76ers, Wizards play first game at venue with legal sportsbook
- Joined ESPN in 2014
- Journalist covering gambling industry since 2008
The Washington Wizards hosted the Philadelphia 76ers on Saturday at Capital One Arena in the first playoff game at a U.S. venue where a legal bookmaker was accepting bets.
It was a monumental moment for American sports that warranted an appearance from NBA commissioner Adam Silver, who, along with 76ers owner Josh Harris, toured the new two-level William Hill sportsbook at Capital One Arena before the game tipped off.
Fans and bettors arrived at the arena sportsbook early in the afternoon to watch and bet on the Champions League final between Manchester City and Chelsea. At halftime of the Sixers-Wizards game, ticket-holders left their seats and walked into the sportsbook to place their bets, and customers stayed long after the game ended to watch the final playoff tilt of the night between the Jazz and Grizzlies. By the time it was all over, the Capital One Arena sportsbook had handled more money than it had in any day in a long time, William Hill vice president of strategy and business Dan Shapiro said.
“The place was busy and had an energy,” Shapiro said. “That was the great thing to see was the energy in the venue.”
Betting was allowed on the 76ers-Wizards game at the arena sportsbook. The game accounted for 40% of the money wagered on the NBA at the Washington, D.C. sportsbook on the day, according to data provided by William Hill. Shapiro said the D.C. book won “a little” on the 76ers’ 132-103 victory over the underdog Wizards but suffered a net loss on a day that saw all four NBA favorites cover the spread.
William Hill had been operating from the arena’s box office since the summer, before the permanent facility opened last week. Lines of bettors waiting to place their wagers have regularly formed and stretch down the entire block outside of the arena. The sportsbook, which is open seven days a week, features 17 betting windows, 13 self-serve kiosks, two bars and a full-service restaurant with local chef Nicholas Stefanelli.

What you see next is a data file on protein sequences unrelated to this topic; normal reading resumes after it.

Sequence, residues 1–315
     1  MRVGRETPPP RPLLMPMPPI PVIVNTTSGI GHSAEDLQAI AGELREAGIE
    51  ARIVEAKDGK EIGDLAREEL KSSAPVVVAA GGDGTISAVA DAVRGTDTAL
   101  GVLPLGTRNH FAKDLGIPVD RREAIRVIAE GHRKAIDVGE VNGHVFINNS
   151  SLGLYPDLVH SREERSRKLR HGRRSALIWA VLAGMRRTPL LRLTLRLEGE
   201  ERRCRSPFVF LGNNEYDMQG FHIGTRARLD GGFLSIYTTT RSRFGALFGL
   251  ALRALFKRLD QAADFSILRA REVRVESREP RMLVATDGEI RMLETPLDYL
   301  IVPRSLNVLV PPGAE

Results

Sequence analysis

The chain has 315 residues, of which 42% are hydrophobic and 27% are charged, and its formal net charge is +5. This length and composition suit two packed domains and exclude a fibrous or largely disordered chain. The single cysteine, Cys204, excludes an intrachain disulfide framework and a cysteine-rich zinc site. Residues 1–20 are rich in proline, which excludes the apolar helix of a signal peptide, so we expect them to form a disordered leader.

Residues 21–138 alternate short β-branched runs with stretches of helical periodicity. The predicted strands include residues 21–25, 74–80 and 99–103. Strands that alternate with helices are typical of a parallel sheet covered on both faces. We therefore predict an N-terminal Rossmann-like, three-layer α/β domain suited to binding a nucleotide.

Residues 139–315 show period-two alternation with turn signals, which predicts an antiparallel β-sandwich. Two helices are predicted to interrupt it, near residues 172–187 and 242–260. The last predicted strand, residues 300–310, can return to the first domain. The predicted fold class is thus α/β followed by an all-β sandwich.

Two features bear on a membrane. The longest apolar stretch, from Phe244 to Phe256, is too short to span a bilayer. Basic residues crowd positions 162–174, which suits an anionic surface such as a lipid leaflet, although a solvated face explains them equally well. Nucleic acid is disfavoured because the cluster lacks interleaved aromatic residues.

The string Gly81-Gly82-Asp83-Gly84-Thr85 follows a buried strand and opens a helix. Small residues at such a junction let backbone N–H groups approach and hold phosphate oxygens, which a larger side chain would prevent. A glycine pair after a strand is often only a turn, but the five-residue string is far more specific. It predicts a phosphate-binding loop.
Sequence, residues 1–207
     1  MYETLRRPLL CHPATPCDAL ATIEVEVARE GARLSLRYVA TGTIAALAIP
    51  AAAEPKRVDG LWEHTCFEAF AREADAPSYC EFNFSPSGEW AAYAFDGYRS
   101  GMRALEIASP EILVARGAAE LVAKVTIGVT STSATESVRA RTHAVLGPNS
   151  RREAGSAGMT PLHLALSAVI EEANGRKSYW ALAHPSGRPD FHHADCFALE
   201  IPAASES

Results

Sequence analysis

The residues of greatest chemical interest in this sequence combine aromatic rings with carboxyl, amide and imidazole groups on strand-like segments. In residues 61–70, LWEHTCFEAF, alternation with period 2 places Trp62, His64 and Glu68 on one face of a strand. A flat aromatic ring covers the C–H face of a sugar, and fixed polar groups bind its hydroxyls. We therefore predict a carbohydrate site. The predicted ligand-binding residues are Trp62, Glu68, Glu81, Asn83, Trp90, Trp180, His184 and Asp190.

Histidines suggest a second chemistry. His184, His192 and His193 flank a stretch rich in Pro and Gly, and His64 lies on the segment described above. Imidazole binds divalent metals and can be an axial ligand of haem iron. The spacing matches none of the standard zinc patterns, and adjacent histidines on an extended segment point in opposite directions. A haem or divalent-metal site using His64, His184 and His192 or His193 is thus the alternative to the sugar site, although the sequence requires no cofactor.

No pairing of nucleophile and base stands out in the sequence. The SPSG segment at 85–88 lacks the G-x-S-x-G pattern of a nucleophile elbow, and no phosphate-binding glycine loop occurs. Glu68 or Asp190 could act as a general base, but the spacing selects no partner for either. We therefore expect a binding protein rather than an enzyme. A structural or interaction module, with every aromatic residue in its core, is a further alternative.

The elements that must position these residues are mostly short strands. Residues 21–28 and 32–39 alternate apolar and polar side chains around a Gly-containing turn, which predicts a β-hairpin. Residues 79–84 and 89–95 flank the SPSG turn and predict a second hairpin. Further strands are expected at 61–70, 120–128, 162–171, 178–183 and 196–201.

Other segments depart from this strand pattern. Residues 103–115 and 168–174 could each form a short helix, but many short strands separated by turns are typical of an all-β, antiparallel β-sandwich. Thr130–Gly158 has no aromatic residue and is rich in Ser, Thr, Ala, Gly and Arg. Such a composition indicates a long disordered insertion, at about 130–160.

Shapiro, who stayed hours after the Wizards game ended to check out the post-game atmosphere, said Stefanelli guaranteed him that “this is the busiest restaurant in D.C. right now.” “And he’s in the business,” Shapiro said.
Silver, who took selfies with fans and bettors during his pregame tour of the sportsbook, was an early proponent of regulating sports betting in the U.S.
“Outside of the United States, sports betting and other forms of gambling are popular, widely legal and subject to regulation,” Silver wrote in a 2014 op-ed in the New York Times, advocating for legalization. “In England, for example, a sports bet can be placed on a smartphone, at a stadium kiosk or even using a television remote control. In light of these domestic and global trends, the laws on sports betting should be changed.”
Four and a half years after Silver’s op-ed, in May 2018, the U.S. Supreme Court struck down the Professional and Amateur Sports Protection Act of 1992, the federal statute that had restricted legal sports betting to primarily Nevada. The Supreme Court decision opened a pathway for all states to get into the bookmaking business. Since the ruling, legal bookmakers have begun operating in 21 states and the District of Columbia, which, along with Illinois, allows sportsbooks to exist at professional sports venues.
In an interview with NBC Sports Washington, Silver applauded Wizards owner Ted Leonsis’ vision of the convergence of betting and sports, but said it was important for the league to look out for problem gambling and “make sure that we strike the right balance in the amount of betting promotion that happens around our games.”
“I’m very sensitive around it, but I think that for the vast majority of people it’s something that they can enjoy doing, betting relatively small amounts on the games,” Silver told NBC Sports Washington. “It leads to additional engagement around watching particular aspects of the game.”
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